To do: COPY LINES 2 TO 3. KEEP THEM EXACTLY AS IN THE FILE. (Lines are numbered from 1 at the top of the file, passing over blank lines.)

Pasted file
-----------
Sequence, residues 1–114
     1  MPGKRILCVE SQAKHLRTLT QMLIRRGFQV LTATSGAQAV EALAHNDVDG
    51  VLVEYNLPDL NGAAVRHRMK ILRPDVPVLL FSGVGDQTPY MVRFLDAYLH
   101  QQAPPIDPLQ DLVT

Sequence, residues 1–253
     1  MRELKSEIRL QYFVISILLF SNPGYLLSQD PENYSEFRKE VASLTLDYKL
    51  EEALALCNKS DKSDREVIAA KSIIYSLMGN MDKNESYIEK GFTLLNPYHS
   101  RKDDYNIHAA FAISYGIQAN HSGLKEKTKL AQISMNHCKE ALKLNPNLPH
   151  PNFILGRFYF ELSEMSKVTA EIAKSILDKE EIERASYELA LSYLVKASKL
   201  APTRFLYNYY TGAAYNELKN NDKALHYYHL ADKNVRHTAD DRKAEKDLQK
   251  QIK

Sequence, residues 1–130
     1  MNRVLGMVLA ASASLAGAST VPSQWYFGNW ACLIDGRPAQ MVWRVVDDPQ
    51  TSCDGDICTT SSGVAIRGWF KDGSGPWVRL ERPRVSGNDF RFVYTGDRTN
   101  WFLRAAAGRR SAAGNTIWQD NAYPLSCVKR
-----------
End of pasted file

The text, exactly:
     1  MPGKRILCVE SQAKHLRTLT QMLIRRGFQV LTATSGAQAV EALAHNDVDG
    51  VLVEYNLPDL NGAAVRHRMK ILRPDVPVLL FSGVGDQTPY MVRFLDAYLH